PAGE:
Virginia Divorce & Separation
UPDATED: March 3, 2020
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Divorce and legal separations are of course common across the country, but each state has its own unique laws governing the procedures, and Virginia is no exception. What are the legal requirements for getting a separation or divorce in Virginia? Are there simplified procedures available? Is mediation a requirement before you can get divorced in Virginia? What about annulments in Virginia? Find the answers to your Virginia divorce and Virginia separation questions here.
Virginia Legal Separation:
Virginia courts will recognize and consider separation agreements in adjudicating divorce suits, but there is no legal separation per se, whether as a precursor to divorce or a separate entity. For more information about the differences between divorce, separation and annulment, see Ending a Marriage or Taking a Break.
Grounds for Divorce/Fault – No Fault:
Virginia has both fault and no-fault grounds for divorce. The sphere of fault-based reasons includes: adultery, sodomy committed outside the marriage, a felony conviction, sentencing to confinement for more than one year and failure of a return to cohabitation after that year. Cruelty, reasonable apprehension of bodily hurt, willful desertion or abandonment are also grounds for fault-based divorce, but only when at least one year has passed from the date of the act itself.
Divorce will also be granted when the parties have lived separately and apart for one year. Where separation agreements exist and no minor children are party to the divorce, a divorce may be granted upon only six months of living separately and apart.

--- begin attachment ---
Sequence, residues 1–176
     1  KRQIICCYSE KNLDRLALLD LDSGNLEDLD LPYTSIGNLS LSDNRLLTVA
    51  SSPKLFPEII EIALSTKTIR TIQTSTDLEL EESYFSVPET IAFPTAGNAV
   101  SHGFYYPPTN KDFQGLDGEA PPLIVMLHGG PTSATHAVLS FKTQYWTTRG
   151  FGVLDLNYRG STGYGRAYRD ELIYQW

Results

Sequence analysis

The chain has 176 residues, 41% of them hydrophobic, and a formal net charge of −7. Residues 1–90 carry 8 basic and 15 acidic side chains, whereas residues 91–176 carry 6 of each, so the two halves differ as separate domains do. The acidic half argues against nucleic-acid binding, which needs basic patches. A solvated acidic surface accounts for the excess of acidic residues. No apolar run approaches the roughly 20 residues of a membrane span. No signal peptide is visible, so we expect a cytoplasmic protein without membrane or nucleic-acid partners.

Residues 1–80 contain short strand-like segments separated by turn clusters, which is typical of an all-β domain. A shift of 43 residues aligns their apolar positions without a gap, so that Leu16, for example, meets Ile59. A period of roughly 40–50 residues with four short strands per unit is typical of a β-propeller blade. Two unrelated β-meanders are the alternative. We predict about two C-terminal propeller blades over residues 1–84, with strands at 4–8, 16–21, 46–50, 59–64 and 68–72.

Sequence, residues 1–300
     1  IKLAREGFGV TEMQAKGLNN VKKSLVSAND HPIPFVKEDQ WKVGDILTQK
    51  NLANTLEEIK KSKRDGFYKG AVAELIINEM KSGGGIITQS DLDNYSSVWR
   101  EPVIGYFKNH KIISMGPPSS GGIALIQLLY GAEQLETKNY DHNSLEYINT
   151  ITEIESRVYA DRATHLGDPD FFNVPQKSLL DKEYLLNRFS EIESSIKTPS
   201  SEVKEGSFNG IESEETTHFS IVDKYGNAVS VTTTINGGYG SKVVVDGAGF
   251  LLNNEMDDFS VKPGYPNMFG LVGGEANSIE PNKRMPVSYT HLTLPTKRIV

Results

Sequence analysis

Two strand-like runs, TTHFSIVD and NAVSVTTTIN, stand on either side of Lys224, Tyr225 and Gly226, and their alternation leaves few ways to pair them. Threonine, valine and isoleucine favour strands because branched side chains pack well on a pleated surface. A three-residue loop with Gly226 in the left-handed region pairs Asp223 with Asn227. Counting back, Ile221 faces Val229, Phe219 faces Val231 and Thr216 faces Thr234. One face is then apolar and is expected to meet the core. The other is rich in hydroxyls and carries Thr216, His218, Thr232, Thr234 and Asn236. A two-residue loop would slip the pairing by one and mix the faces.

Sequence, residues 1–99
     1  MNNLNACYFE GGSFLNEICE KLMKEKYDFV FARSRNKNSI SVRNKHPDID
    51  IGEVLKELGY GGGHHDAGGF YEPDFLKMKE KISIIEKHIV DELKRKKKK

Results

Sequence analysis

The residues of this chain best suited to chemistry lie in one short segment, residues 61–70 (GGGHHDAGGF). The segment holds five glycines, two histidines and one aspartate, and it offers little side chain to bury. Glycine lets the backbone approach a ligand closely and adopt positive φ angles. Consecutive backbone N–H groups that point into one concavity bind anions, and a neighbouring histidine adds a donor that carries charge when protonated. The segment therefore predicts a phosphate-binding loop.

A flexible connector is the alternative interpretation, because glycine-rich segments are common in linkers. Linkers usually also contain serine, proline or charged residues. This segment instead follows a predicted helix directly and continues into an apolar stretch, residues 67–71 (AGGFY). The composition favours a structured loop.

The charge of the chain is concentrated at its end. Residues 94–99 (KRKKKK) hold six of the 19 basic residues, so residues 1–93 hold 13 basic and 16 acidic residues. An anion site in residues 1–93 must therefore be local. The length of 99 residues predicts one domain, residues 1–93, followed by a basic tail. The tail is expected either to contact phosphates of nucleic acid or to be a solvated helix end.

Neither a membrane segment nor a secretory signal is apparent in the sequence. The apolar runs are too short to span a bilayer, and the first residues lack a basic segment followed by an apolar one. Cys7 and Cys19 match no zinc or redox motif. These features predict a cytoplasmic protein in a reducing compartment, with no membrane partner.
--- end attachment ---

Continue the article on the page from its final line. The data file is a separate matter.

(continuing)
Residency/Where to File for Divorce:
Suits for divorce or annulment are not valid unless one of the parties has been a resident for at least six months before the suit is filed. The Circuit Courts have jurisdiction over all annulment and divorce lawsuits, along with claims for separate maintenance. Judges automatically hear the suits as “equitable claims.”
Availability of Simplified or Special Divorce Procedures:
When the grounds for divorce are willful desertion or abandonment, there is no requirement to allege or prove an offer of reconciliation. When there are no specific alleged grounds (in other words, an uncontested, “no-fault” divorce), then the divorce is much more likely to proceed through the system quickly and smoothly. If both parties can work together on most of their issues, especially those concerning property and children, they will save themselves frustration as well as excess legal fees. However, these agreements are not necessarily binding on the court.
Virginia Divorce/Child Support/Child Custody Lawyers:
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Divorce Mediation in Virginia:
The court may refer the parties to a dispute resolution session at no extra cost, but only as circumstances allow. Any unresolved issues between the parties after the mediation session (or after several mediation sessions, if the parties agree to it) will be resolved by the court. As an incentive for the parties to mediate, the fee for the mediator is paid by the state of Virginia.
An annulment is a court declaration that the marriage is legally invalid. In other words, rather than ending a marriage via divorce, an annulment decrees the marriage was never valid to begin with, for reasons including: fraud, duress, incurable impotency at the time of the marriage, undisclosed prior felony conviction, undisclosed extramarital pregnancy or undisclosed extramarital child born within 10 months of the marriage, and either party’s having been a prostitute before marriage (also undisclosed at the time of the marriage contract).
Virginia Online Divorce Services:
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